The cocktail-hour glamour of Monaco inspires Kiev-born designer Yasya Minochkina‘s sophisticated but wearable collections, says Lauren Cochrane
You can tell a lot about a person by the emojis they use. Designer Yasya Minochkina is not interested in the usual smiley faces with little hearts for eyes. She peppers her messages with classic symbols of beauty – a red rose, say, or a dove of peace. Her Instagram account, meanwhile, has her signing off with a blue butterfly emoji. The conclusion? Minochkina is a woman drawn to the serene side of life.
The designer confirms this when Baku speaks to her. “I am currently in St-Tropez,” she says. “Life here is a working holiday as I live by the sea and am often on a boat.” Minochkina’s eight-and-a-half-year-old daughter is also a factor: “She loves to swim,” says the proud mother. “Maybe this is because she is a Pisces.” Her own sign? “I am a Libra, so I do like to be surrounded by beautiful things,” she says. Librans are famously the procrastinators of the zodiac, though, but here Minochkina differs. “I don’t take a long time to make a decision,” she says. “I know from the first moment.”
This combination of an eye for beauty and quick decision making is one that has served her well. Minochkina launched her eponymous label in 2012 with a collection shown at Mercedes-Benz Fashion Days in her native Kiev. Her debut was assured and her mix of evening-ready glamour with a relaxed spirit soon had many fans. Vogue Italia flagged Minochkina as one to watch, and she was picked up by Fashion Scout, the new-talent initiative in London, where she showed for four seasons. “It was a difficult time for me because you have to work fast and make things more beautiful and better every time,” she remembers. “I didn’t sleep a lot.” It all paid off with a key moment, however, when US Vogue editor-in-chief Anna Wintour visited the Fashion Scout showroom in Paris in 2014. “I was so happy because she never comes to see new designers,” says Minochkina.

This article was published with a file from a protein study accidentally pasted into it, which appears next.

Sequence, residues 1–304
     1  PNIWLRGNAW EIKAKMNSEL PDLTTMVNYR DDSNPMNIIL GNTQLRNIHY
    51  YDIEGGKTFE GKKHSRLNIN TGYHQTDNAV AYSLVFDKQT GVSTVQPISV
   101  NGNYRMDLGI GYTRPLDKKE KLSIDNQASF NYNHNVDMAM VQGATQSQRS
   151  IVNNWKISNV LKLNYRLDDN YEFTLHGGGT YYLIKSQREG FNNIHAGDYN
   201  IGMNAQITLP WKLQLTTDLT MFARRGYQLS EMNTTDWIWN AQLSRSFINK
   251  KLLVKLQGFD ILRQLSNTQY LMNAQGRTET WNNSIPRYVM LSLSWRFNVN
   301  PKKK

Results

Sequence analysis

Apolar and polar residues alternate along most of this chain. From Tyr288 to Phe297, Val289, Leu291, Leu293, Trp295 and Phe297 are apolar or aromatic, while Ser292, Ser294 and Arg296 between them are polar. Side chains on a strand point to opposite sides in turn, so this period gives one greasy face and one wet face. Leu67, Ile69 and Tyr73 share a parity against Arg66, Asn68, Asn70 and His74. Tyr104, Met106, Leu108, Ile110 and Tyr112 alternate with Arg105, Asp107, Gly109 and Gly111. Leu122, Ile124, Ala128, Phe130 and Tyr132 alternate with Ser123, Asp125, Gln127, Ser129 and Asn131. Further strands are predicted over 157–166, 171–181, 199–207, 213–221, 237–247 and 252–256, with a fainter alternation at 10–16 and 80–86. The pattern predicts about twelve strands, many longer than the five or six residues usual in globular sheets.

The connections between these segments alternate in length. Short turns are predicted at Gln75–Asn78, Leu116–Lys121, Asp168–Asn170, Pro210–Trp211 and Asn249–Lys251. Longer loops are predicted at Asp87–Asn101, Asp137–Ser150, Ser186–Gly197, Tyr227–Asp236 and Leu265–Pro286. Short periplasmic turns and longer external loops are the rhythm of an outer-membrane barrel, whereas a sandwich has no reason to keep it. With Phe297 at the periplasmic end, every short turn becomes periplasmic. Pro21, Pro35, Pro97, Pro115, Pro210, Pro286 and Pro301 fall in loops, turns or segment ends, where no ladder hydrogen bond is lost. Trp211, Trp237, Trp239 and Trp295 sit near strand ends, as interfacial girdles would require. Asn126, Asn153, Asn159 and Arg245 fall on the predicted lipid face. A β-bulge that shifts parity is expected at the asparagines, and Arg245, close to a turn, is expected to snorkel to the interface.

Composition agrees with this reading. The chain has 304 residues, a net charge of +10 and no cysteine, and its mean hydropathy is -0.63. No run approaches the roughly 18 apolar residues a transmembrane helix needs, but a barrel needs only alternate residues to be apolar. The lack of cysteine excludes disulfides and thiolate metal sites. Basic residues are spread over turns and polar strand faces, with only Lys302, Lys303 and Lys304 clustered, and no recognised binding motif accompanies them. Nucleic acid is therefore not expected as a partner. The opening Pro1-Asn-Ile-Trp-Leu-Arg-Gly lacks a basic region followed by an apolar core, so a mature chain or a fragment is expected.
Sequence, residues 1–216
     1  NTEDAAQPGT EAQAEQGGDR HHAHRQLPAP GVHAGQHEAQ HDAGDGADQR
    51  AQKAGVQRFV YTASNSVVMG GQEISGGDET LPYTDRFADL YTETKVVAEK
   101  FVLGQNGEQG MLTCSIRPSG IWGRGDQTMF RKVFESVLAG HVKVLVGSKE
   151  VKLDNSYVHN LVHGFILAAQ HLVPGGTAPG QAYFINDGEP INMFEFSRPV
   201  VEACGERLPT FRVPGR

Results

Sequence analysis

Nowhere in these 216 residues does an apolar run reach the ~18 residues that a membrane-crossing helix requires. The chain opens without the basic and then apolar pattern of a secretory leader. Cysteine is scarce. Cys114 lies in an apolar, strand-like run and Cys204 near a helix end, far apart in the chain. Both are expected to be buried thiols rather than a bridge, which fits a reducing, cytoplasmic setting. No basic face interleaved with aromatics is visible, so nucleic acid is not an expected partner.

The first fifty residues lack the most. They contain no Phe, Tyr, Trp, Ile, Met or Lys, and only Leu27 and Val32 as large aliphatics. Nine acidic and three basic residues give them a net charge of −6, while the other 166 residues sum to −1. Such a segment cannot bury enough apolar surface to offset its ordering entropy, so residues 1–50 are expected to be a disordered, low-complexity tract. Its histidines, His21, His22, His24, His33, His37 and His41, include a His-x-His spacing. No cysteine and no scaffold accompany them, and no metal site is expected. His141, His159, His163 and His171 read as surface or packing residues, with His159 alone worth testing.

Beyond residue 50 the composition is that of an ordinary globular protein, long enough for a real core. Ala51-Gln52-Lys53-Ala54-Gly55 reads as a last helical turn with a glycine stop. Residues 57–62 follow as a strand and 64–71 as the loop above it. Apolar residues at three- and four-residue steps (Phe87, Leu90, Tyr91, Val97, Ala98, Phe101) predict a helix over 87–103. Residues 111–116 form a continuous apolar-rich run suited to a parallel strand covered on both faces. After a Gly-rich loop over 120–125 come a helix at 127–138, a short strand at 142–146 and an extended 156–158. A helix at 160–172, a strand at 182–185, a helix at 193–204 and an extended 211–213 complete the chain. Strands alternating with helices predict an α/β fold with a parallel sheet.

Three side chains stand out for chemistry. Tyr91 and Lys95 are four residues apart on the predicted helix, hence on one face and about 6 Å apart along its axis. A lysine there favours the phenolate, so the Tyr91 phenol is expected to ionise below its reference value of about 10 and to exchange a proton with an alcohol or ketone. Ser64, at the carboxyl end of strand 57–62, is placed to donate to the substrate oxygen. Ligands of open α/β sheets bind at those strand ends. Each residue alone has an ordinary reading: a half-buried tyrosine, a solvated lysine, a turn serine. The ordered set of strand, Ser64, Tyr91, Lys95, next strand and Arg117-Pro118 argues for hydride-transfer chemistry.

Women including Russian model Irina Shayk and fashion blogger Natalie Joos have worn Minochkina’s designs, which the Fashionista website called “cute and girly without being too sweet – the type to take you easily from day to night”. Her 2018 Autumn/Winter collection continues this theme with jewel-like colours, contrasting textures and intricate patterns. If these designs are unapologetically glamorous, Minochkina’s clothes also have a modern ease of movement. She prioritises how they feel, with details such as 100 per cent silk linings.
As any one of her 33,000 Instagram followers knows, Minochkina is her own best advertisement. With glossy raven locks and feline eyes, she looks more like a movie star than the average fashion designer. Selfies of her everywhere from the red carpet to a horse club with her daughter show that she lives the high life, one similar to the women she dresses. It helps that looking glamorous comes naturally. “I love to be dressed well, even if I’m just going to an informal dinner,” she says.